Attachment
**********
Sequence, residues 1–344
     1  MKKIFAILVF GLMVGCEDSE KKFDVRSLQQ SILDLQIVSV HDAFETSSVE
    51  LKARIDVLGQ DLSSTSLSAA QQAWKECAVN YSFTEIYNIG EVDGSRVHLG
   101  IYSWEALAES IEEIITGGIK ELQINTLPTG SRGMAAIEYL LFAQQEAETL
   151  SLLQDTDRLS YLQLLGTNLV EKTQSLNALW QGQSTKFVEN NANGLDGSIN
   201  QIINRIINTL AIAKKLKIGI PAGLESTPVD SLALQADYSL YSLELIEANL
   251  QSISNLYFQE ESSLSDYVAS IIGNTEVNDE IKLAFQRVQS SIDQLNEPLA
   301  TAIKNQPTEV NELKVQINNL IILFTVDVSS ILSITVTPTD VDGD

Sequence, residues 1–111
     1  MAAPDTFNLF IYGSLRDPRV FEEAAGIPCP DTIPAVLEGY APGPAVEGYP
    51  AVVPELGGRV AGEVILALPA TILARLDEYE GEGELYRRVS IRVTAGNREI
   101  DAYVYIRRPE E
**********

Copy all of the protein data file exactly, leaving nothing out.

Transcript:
Sequence, residues 1–344
     1  MKKIFAILVF GLMVGCEDSE KKFDVRSLQQ SILDLQIVSV HDAFETSSVE
    51  LKARIDVLGQ DLSSTSLSAA QQAWKECAVN YSFTEIYNIG EVDGSRVHLG
   101  IYSWEALAES IEEIITGGIK ELQINTLPTG SRGMAAIEYL LFAQQEAETL
   151  SLLQDTDRLS YLQLLGTNLV EKTQSLNALW QGQSTKFVEN NANGLDGSIN
   201  QIINRIINTL AIAKKLKIGI PAGLESTPVD SLALQADYSL YSLELIEANL
   251  QSISNLYFQE ESSLSDYVAS IIGNTEVNDE IKLAFQRVQS SIDQLNEPLA
   301  TAIKNQPTEV NELKVQINNL IILFTVDVSS ILSITVTPTD VDGD

Sequence, residues 1–111
     1  MAAPDTFNLF IYGSLRDPRV FEEAAGIPCP DTIPAVLEGY APGPAVEGYP
    51  AVVPELGGRV AGEVILALPA TILARLDEYE GEGELYRRVS IRVTAGNREI
   101  DAYVYIRRPE E